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Qwiz5 Quizbowl Essentials - Ideal Gas Law

The Ideal Gas Law was discovered in 1834 by Benoit Paul Emile Clapeyron--you may have heard of the Clausius-Clapeyron equation--and is kind of a big deal. It allows us to calculate a lot of information about a gas and how it will behave, so it is an important concept in thermodynamics. However, it has limitations; there are really no such things as ideal gasses, for example, and it only holds under certain conditions. Still, many gasses are close enough to ideal that this law is a valuable predictive tool.

By analyzing questions, you can see patterns emerge, patterns that will help you answer questions. Qwiz5 is all about those patterns. In each installment of Qwiz5, we take an answer line and look at its five most common clues. Here we explore five clues that will help you answer a tossup on the Ideal Gas Law.


According to the Ideal Gas Law, the product of the pressure and volume of an ideal gas is proportional to the number of moles of the gas and its absolute temperature. This relationship is expressed as PV=nRT, where P, V, and T are pressure, volume, and temperature. R is the ideal gas constant, and n is the number of moles of gas present.

The ideal gas constant (roughly 8.134 joules per mole kelvin) is actually also equivalent to the Boltzmann constant (one of the seven “defining constants” in the SI unit system), but the two are expressed in different units. The ideal gas constant R is also equal to the product of the Avogadro constant and Boltzmann’s constant.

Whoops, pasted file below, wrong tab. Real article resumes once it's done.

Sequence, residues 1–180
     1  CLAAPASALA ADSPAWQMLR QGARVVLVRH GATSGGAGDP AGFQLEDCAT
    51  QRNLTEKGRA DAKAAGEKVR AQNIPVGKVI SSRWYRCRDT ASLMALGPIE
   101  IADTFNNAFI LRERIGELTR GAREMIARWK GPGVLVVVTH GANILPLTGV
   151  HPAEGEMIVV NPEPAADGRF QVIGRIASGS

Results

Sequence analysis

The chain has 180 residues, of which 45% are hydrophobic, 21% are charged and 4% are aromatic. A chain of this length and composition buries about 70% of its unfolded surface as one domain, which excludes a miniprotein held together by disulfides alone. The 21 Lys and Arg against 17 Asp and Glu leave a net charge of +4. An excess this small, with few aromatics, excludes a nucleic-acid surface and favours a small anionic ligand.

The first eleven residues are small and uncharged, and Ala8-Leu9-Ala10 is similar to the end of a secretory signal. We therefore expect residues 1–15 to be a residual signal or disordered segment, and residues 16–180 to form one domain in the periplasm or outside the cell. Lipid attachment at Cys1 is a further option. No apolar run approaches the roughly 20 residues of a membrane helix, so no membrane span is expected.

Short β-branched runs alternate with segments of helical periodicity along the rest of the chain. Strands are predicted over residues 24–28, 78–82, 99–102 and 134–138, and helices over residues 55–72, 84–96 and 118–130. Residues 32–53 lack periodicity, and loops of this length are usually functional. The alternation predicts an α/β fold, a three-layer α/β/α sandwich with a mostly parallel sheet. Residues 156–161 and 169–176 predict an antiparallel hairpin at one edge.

The Ideal Gas Law combines several other laws: Boyle’s Law, Charles’ Law, Avogadro’s Law, and Gay-Lussac’s Law.


Boyle’s Law, formulated by Robert Boyle, states that the pressure of an ideal gas is inversely proportional to the volume of the gas. It also shows the product of the pressure and volume of a gas is a constant, or PV=k. Boyle’s law can be used to calculate the Carnot cycle.


Charles’ Law was discovered by Jacques Charles, but was first presented publicly by John Dalton. It states that the volume of a gas divided by its temperature is a constant, or V=kT. In other words, if pressure is held constant, a gas will expand as temperature increases, and will shrink in volume as temperature drops.


Joseph Louis Gay-Lussac, who was also notable for establishing that water is composed of two parts hydrogen to one part oxygen, established the relationship between pressure of a gas and its temperature. In his equation, P/T=k, or the pressure of the gas is directly proportional to pressure. This law is also sometimes known as Amonton’s Law.


Amadeo Avogadro, the namesake of Avogadro’s number, theorized that if temperature, pressure, and volume of two samples of an ideal gas are equal, each sample will have the same number of molecules of gas.

All of these laws can be connected algebraically through the relationship PV/NT = KB, where N is the number of particles of a gas and KB is Boltzmann’s constant. If you’re confused, though, don’t worry!

Just remember your ABCs:

Avogadro is All (Volume,Temperature and Pressure)

Boyle is Pressure and Volume

Charles is Temperature and Volume

Guy-Lussac is the leftover, Pressure and Temperature.


Quizbowl is about learning, not rote memorization, so we encourage you to use this as a springboard for further reading rather than as an endpoint. Here are a few things to check out:

* Ready to go a little deeper into gas laws, and look at things like Dalton’s Law of partial pressure? Khan Academy has a full unit on the Ideal Gas Law that will get you to the next level.

* Fun Fact--did you know that gas balloons are also occasionally known as Charlières, after their inventor, Jacques Charles? Check out Jacques’ daredevil side courtesy of the British Balloon Museum.

* In the midst of the "Deflategate" scandal, a Tom Brady fan gave a shoutout to the Ideal Gas Law through a custom-made jersey.

* Don’t confuse Boltzmann’s constant with the Stefan-Boltzmann constant! The latter has to do with black body radiation, and you can learn more about it here on Wikipedia.

* Are you a visual learner? YouCanScienceIt has a short video with five examples of how the Ideal Gas Law works in practice.

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